The FBI has identified successful spearphishing campaigns directed at college and university students, especially during periods when financial aid funds are disbursed in large volumes. In general, the spearphishing emails request students’ login credentials for the university’s internal intranet. The cyber criminals then capture students’ login credentials, and after gaining access, change the students’ direct deposit destination to bank accounts within the threat actor’s control.

In February 2018, the FBI received notification of a spearphishing campaign targeting students
at an identified University in the south eastern United States. The campaign occurred in January
2018 when an unidentified number of students attending theuniversity received an email
requesting their login credentials for the university’s internal intranet. Approximately $75,000 was stolen from 21 students.

In August 2018, the Department of Education identified a similar spearphishing campaign
targeting multiple institutions of higher education. In this campaign, the cyber criminals sent
students an email inviting them to view and confirm their updated billing statement by logging
into the school’s student portal. After gaining access, the cyber criminals changed the students’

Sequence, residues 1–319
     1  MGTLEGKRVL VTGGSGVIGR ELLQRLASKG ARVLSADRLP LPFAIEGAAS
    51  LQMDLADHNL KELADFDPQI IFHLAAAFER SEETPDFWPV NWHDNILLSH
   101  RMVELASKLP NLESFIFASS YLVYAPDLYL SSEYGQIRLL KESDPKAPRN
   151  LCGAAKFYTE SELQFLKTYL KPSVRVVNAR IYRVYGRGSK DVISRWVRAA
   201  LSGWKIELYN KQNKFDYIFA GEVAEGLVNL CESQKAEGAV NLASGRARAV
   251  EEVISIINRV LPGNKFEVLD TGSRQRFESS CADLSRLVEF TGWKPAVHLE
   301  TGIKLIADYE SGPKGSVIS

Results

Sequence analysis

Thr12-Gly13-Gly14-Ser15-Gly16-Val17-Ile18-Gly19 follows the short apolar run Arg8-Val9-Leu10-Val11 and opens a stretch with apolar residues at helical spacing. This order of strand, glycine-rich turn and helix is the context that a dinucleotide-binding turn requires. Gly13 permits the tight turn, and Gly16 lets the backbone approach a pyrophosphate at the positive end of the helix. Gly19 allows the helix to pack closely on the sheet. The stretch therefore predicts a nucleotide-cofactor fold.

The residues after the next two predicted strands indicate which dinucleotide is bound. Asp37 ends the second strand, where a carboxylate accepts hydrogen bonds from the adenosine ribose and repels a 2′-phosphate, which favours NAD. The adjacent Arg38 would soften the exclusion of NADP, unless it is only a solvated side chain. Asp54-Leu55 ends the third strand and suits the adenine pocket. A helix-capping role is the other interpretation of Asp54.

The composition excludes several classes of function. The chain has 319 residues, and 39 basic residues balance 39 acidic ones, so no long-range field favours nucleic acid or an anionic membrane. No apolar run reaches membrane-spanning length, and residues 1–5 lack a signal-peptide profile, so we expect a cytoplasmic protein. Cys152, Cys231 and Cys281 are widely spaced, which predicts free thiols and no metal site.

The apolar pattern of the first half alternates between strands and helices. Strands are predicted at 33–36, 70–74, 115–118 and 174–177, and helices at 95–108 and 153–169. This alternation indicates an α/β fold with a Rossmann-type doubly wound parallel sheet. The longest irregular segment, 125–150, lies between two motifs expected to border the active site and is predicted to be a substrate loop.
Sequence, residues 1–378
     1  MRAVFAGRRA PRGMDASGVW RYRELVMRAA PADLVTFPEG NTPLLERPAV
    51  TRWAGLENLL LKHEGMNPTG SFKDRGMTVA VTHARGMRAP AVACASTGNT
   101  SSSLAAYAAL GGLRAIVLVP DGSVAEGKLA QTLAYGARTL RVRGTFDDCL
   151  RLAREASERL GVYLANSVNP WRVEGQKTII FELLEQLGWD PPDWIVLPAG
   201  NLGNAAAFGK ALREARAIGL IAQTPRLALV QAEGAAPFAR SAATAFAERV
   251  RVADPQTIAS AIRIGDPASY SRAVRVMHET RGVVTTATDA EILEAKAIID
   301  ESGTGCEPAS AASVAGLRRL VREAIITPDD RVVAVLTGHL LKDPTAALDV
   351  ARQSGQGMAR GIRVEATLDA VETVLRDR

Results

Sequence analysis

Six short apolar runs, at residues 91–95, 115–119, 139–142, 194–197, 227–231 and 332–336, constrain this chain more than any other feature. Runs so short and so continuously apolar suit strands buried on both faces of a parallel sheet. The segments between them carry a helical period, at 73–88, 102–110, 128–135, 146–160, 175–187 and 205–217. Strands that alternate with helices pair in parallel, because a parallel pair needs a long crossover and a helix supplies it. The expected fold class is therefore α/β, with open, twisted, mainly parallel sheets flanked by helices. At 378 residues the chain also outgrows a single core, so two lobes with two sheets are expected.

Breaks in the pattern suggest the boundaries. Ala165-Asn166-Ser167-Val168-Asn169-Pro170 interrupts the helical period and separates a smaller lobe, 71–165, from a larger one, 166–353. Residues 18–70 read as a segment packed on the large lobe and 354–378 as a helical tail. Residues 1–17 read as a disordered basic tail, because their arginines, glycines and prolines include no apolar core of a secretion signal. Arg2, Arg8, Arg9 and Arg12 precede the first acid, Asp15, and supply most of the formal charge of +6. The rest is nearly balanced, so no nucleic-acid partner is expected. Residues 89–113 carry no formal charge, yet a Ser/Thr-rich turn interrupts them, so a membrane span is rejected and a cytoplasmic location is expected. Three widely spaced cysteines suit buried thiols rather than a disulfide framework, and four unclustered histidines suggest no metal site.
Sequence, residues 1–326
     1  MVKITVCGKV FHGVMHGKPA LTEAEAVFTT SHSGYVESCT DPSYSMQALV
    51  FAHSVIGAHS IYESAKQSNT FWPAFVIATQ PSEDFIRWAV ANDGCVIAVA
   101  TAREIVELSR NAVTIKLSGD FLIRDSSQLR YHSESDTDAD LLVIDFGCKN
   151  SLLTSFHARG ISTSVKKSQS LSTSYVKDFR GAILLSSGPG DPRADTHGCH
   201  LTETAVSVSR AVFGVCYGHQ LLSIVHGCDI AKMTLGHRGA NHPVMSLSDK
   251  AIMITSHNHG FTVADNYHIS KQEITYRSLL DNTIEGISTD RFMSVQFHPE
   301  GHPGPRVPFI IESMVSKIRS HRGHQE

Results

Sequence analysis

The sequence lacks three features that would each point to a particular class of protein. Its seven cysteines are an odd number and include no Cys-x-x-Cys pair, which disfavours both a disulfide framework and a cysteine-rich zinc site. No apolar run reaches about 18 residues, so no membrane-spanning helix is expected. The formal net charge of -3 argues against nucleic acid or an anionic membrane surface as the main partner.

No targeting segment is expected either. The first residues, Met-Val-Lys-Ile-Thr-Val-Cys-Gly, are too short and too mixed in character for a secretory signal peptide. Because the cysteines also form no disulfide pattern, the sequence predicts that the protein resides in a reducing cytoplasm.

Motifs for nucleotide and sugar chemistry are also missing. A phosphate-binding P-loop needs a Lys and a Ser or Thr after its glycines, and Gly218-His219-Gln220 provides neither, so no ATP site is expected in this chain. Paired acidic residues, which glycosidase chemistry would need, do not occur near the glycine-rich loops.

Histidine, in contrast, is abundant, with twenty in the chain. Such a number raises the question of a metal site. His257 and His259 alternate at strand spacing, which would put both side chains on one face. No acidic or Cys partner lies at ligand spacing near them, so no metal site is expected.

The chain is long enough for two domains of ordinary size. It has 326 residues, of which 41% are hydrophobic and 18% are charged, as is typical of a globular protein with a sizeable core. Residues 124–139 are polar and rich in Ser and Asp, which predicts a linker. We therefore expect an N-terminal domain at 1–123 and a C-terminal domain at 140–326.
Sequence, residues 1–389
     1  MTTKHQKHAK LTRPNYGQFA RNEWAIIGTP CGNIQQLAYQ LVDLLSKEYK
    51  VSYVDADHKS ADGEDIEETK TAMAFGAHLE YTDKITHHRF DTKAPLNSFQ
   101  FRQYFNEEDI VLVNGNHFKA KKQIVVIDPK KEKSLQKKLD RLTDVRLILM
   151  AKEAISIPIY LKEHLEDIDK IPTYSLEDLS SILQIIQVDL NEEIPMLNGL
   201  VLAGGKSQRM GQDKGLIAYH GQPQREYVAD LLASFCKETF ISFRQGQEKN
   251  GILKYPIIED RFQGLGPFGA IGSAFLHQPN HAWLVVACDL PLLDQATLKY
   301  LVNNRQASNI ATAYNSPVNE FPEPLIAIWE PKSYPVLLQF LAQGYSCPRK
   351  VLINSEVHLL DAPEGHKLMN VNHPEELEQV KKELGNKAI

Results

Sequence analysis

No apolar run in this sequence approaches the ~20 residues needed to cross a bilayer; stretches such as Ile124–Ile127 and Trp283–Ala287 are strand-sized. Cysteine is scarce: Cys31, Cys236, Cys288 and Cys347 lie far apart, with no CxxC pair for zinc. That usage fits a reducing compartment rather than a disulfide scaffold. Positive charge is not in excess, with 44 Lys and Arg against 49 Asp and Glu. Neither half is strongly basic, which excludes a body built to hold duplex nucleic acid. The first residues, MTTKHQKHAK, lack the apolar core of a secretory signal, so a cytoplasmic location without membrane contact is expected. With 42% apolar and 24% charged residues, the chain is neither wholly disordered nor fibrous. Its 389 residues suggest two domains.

direct deposit destinations to bank accounts under the threat actor’s control.

The nature of the spearphishing emails indicates the cyber criminals conducted reconnaissance
of the target institutions and understand the schools’ use of student portals and third-party
vendors for processing student loan payment information. In addition, the timing of the
campaigns indicates the cyber criminals almost certainly launched these campaigns to coincide
with periods when financial aid funds are disseminated in large volumes.


  • The FBI recommends providers implement the preventative measures listed below to help
    secure their systems from attacks:
  • Notify all students of the phishing attempts and encourage them to be extra vigilant
  • Implement two-factor authentication for access to sensitive systems and information
  • Monitor student login attempts from unusual IP addresses and other anomalous activity
  • Educate students on appropriate preventative and reactive actions to known criminal
    schemes and social engineering threats
  • Apply extra scrutiny to e-mail messages with links or attachments directed toward
  • Apply extra scrutiny to bank information initiated by the students seeking to update or
    change direct deposit credentials
  • Direct students to forward any suspicious requests for personal information to the
    information technology or security department

Read the full report here.

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